Old Town walk raises funds for Daisy Appeal
The sights of Hull’s Old Town – and a few of its secrets – came to life as supporters of the Daisy Appeal gave donations to join the charity on a walk with renowned tour guide Paul Schofield.
A group of around 20 set off from Queen Victoria Square and were led by Paul along main roads, side streets and snickets before wrapping up with lunch at Ceruttis, where they were one of the last group bookings before the closure of the legendary restaurant.
Tina Cerutti took part in the walk, took the restaurant diary and took about half a dozen reservations, including some for the Beverley restaurant which remains open.
Others had taken the day off work and enjoyed a morning of bright skies and enlightenment, with one or two confessing that they really hadn’t heard the story about the smallest window and very few aware of some of the paving features which indicate the locations of the Old Town walls and the levels of the Humber.
Vicky Heuck, a trustee of the Daisy Appeal, said: “We learned an awful lot of things that we didn’t know, even though we are all local people and some of us have lived here a very long time.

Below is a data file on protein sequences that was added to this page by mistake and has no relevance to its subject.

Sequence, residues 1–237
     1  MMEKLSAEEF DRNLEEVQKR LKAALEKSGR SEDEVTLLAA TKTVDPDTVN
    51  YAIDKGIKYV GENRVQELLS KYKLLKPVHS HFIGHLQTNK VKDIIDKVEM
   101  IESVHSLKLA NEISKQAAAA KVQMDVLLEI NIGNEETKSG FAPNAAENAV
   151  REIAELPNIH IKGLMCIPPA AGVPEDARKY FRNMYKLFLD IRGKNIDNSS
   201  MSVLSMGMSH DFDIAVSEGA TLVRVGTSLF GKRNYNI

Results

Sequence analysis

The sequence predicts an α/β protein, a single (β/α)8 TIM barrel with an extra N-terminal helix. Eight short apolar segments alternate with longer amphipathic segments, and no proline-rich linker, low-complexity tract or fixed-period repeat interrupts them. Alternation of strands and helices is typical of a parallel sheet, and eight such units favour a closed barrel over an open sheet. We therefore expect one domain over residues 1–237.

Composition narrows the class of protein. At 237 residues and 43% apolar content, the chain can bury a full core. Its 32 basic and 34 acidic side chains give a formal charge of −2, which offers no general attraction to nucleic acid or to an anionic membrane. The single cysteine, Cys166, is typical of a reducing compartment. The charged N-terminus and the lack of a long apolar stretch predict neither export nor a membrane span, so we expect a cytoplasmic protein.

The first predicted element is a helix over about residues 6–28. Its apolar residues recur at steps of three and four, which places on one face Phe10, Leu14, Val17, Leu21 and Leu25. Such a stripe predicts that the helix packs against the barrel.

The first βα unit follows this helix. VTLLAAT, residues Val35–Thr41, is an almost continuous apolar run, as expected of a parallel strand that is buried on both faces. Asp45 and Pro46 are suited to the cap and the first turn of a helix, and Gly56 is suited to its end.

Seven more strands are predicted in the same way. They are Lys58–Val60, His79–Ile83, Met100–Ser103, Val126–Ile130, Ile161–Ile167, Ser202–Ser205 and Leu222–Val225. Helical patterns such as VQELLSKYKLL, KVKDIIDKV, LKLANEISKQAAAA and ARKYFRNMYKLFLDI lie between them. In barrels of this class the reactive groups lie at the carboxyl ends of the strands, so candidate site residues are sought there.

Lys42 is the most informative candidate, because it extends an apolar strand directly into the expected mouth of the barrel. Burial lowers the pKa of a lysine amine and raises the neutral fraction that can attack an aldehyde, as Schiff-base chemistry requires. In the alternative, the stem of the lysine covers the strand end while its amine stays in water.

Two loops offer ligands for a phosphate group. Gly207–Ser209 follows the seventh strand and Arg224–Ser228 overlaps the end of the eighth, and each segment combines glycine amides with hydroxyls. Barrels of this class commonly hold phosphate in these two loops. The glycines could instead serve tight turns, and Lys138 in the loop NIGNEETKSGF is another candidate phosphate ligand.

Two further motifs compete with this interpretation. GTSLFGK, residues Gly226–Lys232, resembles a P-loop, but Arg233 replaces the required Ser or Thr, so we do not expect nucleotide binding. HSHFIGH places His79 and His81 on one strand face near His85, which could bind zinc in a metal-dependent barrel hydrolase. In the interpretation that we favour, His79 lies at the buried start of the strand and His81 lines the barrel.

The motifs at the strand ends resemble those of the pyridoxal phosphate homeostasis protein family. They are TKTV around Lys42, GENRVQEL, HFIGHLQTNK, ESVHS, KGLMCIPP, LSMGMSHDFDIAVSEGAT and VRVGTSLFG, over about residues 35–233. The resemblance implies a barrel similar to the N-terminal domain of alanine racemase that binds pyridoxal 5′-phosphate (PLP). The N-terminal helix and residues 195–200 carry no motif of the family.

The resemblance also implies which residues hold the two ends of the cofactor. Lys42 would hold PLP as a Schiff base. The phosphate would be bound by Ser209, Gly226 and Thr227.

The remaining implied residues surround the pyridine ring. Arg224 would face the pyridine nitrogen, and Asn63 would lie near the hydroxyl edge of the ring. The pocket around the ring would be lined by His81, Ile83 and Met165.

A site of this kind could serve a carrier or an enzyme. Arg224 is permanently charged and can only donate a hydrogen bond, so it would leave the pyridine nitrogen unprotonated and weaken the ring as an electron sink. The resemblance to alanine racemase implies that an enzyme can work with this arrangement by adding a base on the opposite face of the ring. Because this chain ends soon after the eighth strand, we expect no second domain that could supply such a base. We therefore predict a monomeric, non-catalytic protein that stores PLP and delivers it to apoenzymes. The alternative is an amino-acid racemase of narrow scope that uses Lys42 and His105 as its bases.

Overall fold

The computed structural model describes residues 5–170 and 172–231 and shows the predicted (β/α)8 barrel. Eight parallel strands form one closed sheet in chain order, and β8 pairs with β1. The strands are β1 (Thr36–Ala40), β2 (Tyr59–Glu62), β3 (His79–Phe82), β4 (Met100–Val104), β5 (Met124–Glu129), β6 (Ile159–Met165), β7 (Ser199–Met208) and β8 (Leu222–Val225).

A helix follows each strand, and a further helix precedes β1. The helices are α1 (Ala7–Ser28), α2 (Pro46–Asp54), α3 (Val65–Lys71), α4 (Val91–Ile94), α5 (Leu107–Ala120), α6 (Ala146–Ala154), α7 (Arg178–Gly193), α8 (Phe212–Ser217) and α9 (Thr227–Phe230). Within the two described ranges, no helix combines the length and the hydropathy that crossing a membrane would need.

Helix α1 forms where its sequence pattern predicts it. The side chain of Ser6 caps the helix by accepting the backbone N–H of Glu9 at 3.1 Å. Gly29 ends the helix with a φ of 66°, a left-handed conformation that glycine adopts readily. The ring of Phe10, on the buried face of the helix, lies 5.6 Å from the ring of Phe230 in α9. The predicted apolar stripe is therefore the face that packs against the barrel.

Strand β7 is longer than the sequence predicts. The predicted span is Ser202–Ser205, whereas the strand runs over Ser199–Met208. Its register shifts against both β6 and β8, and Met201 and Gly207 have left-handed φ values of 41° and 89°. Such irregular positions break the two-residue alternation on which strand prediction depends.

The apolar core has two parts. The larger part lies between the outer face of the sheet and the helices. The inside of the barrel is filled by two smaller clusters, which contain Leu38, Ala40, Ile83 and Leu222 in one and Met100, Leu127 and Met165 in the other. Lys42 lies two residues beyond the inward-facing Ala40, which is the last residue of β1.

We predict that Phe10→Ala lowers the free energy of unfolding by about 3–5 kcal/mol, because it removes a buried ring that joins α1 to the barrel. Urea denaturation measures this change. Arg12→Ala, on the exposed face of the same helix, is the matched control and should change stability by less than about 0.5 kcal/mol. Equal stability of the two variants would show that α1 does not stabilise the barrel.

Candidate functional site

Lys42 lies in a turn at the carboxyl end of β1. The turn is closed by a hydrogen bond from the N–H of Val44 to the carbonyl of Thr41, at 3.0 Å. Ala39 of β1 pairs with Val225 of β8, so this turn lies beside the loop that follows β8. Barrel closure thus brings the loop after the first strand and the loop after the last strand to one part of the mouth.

“In addition to raising awareness of the Old Town it has raised awareness of the Daisy Appeal. It’s very easy for people who are involved in the Appeal to think that everybody knows everything about it, so opportunities like this are very important.”
Stopping points along the tour included The Last Trip memorial in Zebedee’s Yard, with some walkers seeing the tribute and the location for the first time. Paul pointed out some of the striking features of the Guildhall and paused at the corner of High Street and Scale Lane to declare: “This is pub central!”
He reminded people to look up at plaques and frontages and to look down at the Fish Trail and he welcomed interjections from the group and from passers-by en route.
Someone on the deck of one of the boats in Hull Marina, on seeing a group predominantly of women, shouted: “We need someone who can sew us a new sail.”
One of the group had already enjoyed the walk so much she was already planning the next one: “Maybe we should do the ale trail next time?”
The Daisy Appeal was launched in 2002. Its first milestone was the opening in 2008 of a Research and Development Centre at Castle Hill. The Jack Brignall PET-CT Centre was opened in 2014. In addition, the charity purchased a table-top cyclotron and gave it to the University of Hull for research.
The current campaign has a target of £8.2million to build and equip the new Molecular Imaging Research Centre, which is under construction at Castle Hill Hospital and due for completion in autumn this year. The centrepiece will be a second cyclotron which is medical practice compliant and will pave the way to the launch in 2020 of new procedures, possibly including scanning for Alzheimer’s and prostate cancer.
For further information on the work of the Daisy Appeal visit www.daisyappeal.org
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